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Vet Res. 2010 May-Jun;41(3):27. doi: 10.1051/vetres/2009075. Epub 2009 Dec 10.

Recent advances in the understanding of Chlamydophila pecorum infections, sixteen years after it was named as the fourth species of the Chlamydiaceae family.

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  • 1Institut National de la Recherche Agronomique (INRA), UR1282, Infectiologie Animale et Santé Publique, F-37380 Nouzilly (Tours), France.

Abstract

Chlamydophila pecorum found in the intestine and vaginal mucus of asymptomatic ruminants has also been associated with different pathological conditions in ruminants, swine and koalas. Some endangered species such as water buffalos and bandicoots have also been found to be infected by C. pecorum. The persistence of C. pecorum strains in the intestine and vaginal mucus of ruminants could cause long-term sub-clinical infection affecting the animal's health. C. pecorum strains present many genetic and antigenic variations, but coding tandem repeats have recently been found in some C. pecorum genes, allowing C. pecorum strains isolated from sick animals to be differentiated from those isolated from asymptomatic animals. This review provides an update on C. pecorum infections in different animal hosts and the implications for animal health. The taxonomy, typing and genetic aspects of C. pecorum are also reviewed.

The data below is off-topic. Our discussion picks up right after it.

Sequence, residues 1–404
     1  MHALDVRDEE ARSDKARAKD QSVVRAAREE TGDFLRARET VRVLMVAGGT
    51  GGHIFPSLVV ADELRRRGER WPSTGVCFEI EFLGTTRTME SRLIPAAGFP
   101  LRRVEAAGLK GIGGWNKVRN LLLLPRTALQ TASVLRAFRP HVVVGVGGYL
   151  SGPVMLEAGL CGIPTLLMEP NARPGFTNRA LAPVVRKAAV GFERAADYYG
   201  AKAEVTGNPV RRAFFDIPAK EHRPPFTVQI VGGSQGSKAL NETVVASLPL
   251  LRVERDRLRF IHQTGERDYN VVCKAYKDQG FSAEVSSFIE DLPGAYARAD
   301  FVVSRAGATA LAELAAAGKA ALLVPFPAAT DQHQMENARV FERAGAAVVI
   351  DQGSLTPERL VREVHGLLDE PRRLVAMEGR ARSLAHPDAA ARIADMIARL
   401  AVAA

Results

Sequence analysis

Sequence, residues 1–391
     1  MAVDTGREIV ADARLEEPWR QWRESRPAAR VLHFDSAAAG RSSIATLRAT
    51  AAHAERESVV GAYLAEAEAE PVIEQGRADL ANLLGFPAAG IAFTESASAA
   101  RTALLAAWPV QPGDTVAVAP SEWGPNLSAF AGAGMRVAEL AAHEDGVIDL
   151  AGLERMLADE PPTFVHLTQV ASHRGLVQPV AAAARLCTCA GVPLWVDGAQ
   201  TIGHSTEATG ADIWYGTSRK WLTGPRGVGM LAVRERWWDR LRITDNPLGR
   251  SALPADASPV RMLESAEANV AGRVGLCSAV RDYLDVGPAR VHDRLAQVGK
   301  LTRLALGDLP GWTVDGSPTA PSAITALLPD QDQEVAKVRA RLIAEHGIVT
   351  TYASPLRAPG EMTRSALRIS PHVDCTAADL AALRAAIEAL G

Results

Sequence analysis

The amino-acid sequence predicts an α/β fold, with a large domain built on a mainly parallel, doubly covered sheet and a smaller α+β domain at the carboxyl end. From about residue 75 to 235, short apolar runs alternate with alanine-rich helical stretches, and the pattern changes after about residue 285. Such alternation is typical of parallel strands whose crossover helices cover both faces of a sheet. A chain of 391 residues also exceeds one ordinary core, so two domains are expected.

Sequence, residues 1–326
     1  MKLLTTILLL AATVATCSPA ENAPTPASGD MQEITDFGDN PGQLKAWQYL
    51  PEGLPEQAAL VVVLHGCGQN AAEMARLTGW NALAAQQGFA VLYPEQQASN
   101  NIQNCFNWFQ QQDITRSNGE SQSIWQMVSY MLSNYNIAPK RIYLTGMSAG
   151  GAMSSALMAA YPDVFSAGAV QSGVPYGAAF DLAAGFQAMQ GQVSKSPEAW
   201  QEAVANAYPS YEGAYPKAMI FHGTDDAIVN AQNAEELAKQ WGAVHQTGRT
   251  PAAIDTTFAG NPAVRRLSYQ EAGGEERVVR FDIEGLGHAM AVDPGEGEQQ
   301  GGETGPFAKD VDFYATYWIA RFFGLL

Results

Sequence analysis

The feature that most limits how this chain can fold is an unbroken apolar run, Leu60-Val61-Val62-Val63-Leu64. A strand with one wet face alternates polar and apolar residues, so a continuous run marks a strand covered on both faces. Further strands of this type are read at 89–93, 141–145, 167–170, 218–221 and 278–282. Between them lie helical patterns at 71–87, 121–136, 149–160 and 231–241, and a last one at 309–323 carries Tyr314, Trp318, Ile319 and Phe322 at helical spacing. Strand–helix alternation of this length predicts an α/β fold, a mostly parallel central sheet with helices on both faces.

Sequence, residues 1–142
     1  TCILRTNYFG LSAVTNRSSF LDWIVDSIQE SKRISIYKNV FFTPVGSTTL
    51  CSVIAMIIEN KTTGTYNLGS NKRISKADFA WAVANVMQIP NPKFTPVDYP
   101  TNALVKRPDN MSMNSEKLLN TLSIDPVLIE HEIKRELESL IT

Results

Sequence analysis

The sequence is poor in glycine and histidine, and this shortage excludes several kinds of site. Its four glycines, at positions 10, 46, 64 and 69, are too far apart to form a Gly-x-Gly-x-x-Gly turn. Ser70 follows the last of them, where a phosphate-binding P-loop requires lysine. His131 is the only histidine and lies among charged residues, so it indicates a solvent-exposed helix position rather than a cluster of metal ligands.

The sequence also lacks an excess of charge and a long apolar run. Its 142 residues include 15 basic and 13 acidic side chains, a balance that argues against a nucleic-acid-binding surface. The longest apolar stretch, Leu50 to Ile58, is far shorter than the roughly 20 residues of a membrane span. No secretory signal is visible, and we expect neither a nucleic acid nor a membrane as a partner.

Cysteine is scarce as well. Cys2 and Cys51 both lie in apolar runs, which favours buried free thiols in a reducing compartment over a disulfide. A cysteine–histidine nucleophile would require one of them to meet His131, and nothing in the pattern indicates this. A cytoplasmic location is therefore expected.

INRA, EDP Sciences, 2010.

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